Monthly Archives: June 2018

Javelin Park Episode 5: Return of the ICO

[Summary: The Information Commissioner’s Office has upheld an appeal against continued redaction of key financial information about the Javelin Park Incinerator Public Private Partnership (PPP) project in Gloucestershire]

The Story So Far

I’ve written before about controversy over the contract for Javelin Park, a waste incinerator project worth at least £0.5bn and being constructed just outside Stroud as part of a 25-year Public Private Partnership deal. There’s a short history at the bottom of this article, which breaks off in 2015 when the Information Commissioners’ Office last ruled against Gloucestershire County Council (GCC) and told them to release an unredacted copy of the PPP contract. GCC appealed that decision, but were finally told by the Information Tribunal in 2017 to publish the contract: which they did. Sort of. Because in the papers released, we found out about a 2015 renegotiation that had taken place, meaning that we still don’t know how much local taxpayers are on the hook for, nor how the charging model affects potential recycling rates, or incentives to burn plastics.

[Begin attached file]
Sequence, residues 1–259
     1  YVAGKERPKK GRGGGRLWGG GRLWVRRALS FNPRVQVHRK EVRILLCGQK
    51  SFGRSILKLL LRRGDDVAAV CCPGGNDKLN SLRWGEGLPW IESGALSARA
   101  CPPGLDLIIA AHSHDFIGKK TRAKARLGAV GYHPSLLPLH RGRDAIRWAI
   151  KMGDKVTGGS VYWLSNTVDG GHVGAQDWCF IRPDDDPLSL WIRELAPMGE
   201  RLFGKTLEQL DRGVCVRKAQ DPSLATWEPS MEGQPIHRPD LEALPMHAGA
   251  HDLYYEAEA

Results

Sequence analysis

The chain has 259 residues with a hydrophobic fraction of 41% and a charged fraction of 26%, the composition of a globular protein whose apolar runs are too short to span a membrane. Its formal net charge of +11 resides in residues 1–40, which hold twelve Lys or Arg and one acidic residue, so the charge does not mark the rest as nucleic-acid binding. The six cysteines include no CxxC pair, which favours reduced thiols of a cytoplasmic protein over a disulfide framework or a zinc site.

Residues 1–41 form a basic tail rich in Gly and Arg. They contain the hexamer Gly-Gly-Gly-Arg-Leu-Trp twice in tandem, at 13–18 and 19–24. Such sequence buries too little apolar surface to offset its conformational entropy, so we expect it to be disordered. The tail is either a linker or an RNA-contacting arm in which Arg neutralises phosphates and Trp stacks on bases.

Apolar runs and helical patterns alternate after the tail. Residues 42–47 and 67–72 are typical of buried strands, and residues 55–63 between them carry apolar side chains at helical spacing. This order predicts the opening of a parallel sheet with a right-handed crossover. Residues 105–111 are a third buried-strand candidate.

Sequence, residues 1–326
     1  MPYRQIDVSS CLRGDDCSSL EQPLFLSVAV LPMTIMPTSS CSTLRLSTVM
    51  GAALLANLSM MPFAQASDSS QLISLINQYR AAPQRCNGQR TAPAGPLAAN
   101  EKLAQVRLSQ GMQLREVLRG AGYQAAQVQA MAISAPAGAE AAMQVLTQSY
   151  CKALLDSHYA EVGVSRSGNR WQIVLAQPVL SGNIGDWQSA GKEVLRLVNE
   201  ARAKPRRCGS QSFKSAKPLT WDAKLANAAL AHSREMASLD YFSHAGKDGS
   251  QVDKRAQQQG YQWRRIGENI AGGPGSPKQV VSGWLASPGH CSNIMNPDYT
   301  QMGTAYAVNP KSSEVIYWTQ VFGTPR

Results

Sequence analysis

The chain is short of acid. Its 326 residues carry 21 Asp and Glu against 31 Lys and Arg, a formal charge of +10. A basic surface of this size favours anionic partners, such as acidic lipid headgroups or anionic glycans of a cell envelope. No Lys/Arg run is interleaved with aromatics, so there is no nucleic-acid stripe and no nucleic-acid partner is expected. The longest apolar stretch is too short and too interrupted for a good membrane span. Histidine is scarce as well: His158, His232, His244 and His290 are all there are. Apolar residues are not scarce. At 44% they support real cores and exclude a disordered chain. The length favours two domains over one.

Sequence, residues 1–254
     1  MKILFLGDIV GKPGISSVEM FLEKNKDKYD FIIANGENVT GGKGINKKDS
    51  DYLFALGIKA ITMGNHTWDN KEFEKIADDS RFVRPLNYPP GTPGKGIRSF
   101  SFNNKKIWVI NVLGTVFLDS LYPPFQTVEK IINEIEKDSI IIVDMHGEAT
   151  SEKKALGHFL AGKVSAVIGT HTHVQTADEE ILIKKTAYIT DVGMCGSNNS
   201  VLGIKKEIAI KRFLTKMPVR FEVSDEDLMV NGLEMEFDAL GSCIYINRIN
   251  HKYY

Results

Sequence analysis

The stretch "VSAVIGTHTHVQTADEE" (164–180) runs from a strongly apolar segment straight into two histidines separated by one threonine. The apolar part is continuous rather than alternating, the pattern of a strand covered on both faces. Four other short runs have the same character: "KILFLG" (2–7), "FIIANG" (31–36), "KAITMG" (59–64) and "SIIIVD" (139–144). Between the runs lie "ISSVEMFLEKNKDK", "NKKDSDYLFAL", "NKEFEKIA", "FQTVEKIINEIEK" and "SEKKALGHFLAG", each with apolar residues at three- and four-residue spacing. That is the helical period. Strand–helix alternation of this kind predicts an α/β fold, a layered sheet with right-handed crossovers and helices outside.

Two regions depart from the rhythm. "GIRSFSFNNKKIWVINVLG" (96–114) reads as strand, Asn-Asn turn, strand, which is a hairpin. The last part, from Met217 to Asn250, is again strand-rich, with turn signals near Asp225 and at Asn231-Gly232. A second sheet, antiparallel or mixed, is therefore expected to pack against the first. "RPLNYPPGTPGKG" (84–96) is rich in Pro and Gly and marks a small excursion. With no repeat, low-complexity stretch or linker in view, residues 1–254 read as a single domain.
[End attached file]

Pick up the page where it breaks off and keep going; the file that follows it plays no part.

In June last year, through FOI, I got a heavily redacted copy of a report considering the value for money of this renegotiated contract, but blacking out all the key figures. This week the Information Commissioner upheld my appeal against the redactions, ruling that GCC have 35 days to provide un-redacted information. They may still make their own appeal against this, but the ICO decision makes very clear that the reasoning from the 2017 Information Tribunal ruling holds firm when it comes to the public interest in knowing salient details of original and renegotiated contracts.

The Story Right Now

For the last two weeks, Gloucestershire resident Sid Saunders has been on hunger strike outside the county’s Shire Hall to call for the release of the full revised contract between Gloucestershire County Council and Urbaser Balfour Beatty. This is, to my knowledge, unprecedented. It demonstrates the strength of feeling over the project, and the crucial importance of transparency around contracts in securing public accountability.